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A Link to Eternity

While Google is as secretive about its internal processes and systems as Apple is about product development, every now and then senior people post articles on the official Google blog and offer their thoughts on the development of the web. In the latest posting, two Google engineers, Alfred Spector and Franz Och, look at how search strategies will benefit from the faster computers, greater volumes of data and better algorithms we are likely to see in the next decade, speculating that "we could train our systems to discern not only the characters or place names in a YouTube video or a book, for example, but also to recognise the plot or the symbolism." more

Google Chrome: Cloud Operating Environment

Rather than blathering on to the blogosphere about the superficial features of Google's new Chrome browser I've spent some time studying the available material and [re]writing a comprehensive Wikipedia article on the subject which I intend for anyone to be free to reuse under a Creative Commons Attribution 3.0 license rather than Wikipedia's usual strong copyleft GNU Free Documentation License (GFDL). This unusual freedom is extended in order to foster learning and critical analysis, particularly in terms of security. more

Chrome: Getting Microsoft’s Goat

Historically there has been nothing which gets Microsoft's attention as fast as a platform for applications which threatens Windows dominance. Google's Chrome is obviously such a platform; Google can afford to challenge Microsoft; it's healthy for innovation that it does. Can Microsoft still rise to the challenge? Way back when I was at Microsoft -- 1991 to 1994, Lotus Notes was the threat du jour... Since I was responsible for the development of what was to become Microsoft Exchange, I was in charge of that war for a while... more

Georgians Use Spam to Explain Their Situation

Call it outreach, call it propaganda or call it brilliance or even desperate measures, spammers (people) who favour the Georgian side in the recent conflict have been spamming using email, to get their point across. Depending on where in the world you are from, your ideological standpoint on Russia and your beliefs, when it comes to what email should be like, can be different and you may judge the action as you will. I call it spam. An Estonian colleague Viktor Larionov was quoted saying that whether there is a cyber war in Georgia or not, we know there is in fact a media war in play... more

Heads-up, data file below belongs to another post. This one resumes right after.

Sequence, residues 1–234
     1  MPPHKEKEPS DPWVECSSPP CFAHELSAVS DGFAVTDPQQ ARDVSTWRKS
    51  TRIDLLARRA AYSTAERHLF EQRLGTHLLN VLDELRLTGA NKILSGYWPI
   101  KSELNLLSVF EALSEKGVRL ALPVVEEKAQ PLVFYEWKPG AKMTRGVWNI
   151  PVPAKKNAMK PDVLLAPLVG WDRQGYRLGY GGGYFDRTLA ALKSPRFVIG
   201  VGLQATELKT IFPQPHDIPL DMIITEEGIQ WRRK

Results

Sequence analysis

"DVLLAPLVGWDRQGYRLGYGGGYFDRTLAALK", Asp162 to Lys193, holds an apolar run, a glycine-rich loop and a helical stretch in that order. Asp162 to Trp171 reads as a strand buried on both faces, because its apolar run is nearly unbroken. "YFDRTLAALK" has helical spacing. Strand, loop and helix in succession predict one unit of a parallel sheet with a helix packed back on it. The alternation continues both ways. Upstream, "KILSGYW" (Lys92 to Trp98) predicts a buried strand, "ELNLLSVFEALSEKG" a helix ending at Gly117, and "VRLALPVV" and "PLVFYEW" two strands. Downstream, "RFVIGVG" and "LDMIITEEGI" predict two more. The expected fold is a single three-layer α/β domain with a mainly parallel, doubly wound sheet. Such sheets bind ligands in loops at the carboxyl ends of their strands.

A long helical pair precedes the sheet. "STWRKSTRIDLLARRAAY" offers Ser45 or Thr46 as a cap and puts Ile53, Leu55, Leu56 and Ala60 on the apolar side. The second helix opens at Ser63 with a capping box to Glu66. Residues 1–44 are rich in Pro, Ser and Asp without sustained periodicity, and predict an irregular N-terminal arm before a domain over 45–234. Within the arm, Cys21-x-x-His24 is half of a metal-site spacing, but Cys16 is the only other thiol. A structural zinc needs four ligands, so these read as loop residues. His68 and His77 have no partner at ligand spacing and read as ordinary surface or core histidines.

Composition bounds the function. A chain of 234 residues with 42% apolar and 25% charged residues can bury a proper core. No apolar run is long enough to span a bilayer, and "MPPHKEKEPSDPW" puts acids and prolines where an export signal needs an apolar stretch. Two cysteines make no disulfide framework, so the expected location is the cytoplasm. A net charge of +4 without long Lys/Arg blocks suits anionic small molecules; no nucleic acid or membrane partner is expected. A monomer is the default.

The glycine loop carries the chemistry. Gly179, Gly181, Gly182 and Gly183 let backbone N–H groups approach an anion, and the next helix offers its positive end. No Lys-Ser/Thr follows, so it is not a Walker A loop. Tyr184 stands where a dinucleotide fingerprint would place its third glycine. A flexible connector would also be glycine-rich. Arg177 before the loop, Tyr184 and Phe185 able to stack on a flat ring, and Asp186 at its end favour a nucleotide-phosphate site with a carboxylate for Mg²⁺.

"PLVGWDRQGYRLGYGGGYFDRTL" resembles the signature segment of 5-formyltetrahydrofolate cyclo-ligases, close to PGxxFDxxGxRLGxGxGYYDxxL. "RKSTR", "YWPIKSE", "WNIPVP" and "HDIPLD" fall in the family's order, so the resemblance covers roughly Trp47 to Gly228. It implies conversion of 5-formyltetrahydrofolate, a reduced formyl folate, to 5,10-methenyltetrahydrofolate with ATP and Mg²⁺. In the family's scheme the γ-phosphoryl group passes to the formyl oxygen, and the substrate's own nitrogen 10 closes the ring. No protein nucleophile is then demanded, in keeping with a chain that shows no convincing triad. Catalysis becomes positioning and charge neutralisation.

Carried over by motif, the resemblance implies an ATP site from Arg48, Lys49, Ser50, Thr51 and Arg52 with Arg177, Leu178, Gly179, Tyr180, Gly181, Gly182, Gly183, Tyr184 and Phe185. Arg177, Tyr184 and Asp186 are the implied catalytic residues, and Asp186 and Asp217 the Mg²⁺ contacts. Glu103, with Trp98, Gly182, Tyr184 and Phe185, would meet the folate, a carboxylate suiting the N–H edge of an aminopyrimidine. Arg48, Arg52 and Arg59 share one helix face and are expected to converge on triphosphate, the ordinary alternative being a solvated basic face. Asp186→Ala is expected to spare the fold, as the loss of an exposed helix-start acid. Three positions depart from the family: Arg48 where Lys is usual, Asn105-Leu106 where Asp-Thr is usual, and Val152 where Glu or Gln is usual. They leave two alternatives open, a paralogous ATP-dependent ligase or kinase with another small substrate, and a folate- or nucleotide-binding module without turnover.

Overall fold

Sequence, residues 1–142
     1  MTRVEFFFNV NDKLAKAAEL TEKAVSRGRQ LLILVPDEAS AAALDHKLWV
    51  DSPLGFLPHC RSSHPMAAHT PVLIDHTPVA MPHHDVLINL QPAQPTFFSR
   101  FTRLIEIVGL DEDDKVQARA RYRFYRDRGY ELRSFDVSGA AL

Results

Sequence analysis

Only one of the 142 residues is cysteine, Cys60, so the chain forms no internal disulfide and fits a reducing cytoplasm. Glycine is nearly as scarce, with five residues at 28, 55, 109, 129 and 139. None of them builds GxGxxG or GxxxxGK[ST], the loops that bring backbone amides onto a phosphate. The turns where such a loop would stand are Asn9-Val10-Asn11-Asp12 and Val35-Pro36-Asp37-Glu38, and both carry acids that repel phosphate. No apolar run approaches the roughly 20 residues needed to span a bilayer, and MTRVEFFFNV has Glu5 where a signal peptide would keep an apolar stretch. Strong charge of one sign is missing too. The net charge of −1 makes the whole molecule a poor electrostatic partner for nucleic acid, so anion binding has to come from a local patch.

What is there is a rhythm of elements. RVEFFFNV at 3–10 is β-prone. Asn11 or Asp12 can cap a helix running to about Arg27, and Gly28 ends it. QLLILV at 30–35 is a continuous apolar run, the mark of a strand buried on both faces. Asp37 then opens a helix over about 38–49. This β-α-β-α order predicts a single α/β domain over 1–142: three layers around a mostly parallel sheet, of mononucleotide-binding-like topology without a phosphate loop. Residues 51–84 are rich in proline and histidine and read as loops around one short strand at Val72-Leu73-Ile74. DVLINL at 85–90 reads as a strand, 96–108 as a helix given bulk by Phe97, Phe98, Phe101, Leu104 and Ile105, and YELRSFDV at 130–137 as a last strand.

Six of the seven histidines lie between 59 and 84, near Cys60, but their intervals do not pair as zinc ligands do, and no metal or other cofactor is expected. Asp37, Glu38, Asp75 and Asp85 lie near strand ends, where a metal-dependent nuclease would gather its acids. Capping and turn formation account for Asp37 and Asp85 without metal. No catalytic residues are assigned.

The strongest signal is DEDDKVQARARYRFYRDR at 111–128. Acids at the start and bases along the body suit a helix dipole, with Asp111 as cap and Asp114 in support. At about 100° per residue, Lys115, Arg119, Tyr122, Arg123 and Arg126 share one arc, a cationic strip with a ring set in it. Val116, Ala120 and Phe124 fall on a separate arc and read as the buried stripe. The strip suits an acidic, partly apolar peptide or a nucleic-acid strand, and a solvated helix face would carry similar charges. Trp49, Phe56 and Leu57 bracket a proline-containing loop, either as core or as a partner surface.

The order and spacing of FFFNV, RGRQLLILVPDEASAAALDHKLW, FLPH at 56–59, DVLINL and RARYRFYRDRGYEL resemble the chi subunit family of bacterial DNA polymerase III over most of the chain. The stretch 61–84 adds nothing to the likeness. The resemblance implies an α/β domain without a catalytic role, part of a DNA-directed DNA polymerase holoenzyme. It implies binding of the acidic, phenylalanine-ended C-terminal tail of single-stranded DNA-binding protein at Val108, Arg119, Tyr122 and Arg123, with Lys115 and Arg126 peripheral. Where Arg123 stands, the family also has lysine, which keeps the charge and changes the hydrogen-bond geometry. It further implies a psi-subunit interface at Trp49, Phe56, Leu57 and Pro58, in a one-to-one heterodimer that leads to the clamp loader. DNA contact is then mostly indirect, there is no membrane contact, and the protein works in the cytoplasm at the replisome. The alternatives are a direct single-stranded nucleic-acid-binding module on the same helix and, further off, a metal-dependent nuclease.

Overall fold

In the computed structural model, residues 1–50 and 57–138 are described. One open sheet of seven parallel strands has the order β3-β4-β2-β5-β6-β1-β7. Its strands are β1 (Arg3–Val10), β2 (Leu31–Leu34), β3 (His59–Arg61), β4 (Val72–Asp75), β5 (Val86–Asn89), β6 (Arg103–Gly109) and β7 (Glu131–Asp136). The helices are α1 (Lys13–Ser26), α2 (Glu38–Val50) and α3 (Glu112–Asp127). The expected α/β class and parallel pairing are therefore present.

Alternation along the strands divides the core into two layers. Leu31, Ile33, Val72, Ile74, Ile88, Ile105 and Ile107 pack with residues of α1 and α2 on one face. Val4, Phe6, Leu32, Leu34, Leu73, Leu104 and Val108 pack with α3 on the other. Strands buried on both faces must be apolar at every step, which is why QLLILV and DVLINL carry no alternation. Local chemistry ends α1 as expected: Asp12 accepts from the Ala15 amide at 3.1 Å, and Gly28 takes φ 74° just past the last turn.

Advertising Pays for a Lot of Things… What Happens When the Ad Budget Dries Up in a Recession?

Doing some research on the effects of the Great Depression in the 1930s, I started wondering what happened to advertising during that period. Although I haven't turned up any detailed studies, I took a look at the various archives of advertising that allow Internet access to their exhibits, and noted the general move to less expensive, more localized advertising, and fewer adverts for more expensive goods. It made me wonder what will happen to online advertising if the current credit crunch starts to drive a worldwide recession... more

Battling Over Clouds

More than 40 years ago, the FCC was worried about telephone companies using their power over communications to control the then-nascent (and competitive) data processing marketplace. The Bell System at that point was already banned from providing services that weren't common carriage communications services (or "incidental to" those communications services)... In a 1999 article in the Texas Law Review, Steve Bickerstaff pointed out that Computer 1 meant that no one could provide a "computer utility" service... Today, we'd call the "computer utility" something different -- we'd use the term "cloud computing." more

The Patent That Justifies Microsoft’s Interest in Yahoo!

I've watched coverage of Microsoft's bid for Yahoo! and the related maneuvering between Google and Yahoo!. The explanations are not very convincing. Microsoft doesn't need Yahoo's search technology or their morale-impacted work force. Yahoo's search market share continues to decline and there's little of strategic relevance in the rest of their business. What's the attraction? more

Why New TLDs Don’t Matter

Lost amid the furor about ICANN's rule change that may (or may not) lead to a flood of TLDs is the uncomfortable fact that almost without exception, the new TLDs created since 2000 have been utter failures. Other than perhaps .cat and .mobi, they've missed their estimates of the number of registrations by orders of magnitude, and they haven't gotten mindshare in the target community. So what went wrong? more

Google, Viacom, Privacy and Copyright Meet the Social Web

In all the recent uproar (New York Times, "Google Told to Turn Over User Data of YouTube," Michael Helft, 4 July 2008) about the fact that Google has been forced to turn over a large pile of personally-identifiable information to Viacom as part of a copyright dispute (Opinion), there is a really interesting angle pointed out by Dan Brickley (co-creator of FOAF and general Semantic Web troublemaker)... more

The SocialDNS Project… and Why DNS is Not the Phone Book of the Internet

In this article I will explain the motivations behind the SocialDNS Project. I will justify why the DNS system is NOT the phone book of the Internet. More concretely, DNS is not a public directory nor enables search mechanisms over meta-information related to domains. In this line, I will present the advantages of SocialDNS, a naming and directory system that aims to become the phone book of the Web. SocialDNS is NOT another alternative DNS root nor aims to replace the current DNS for resolving domain names. It complements the existing DNS to offer advanced services that are beyond the scope of the existing infrastructure for Web settings. more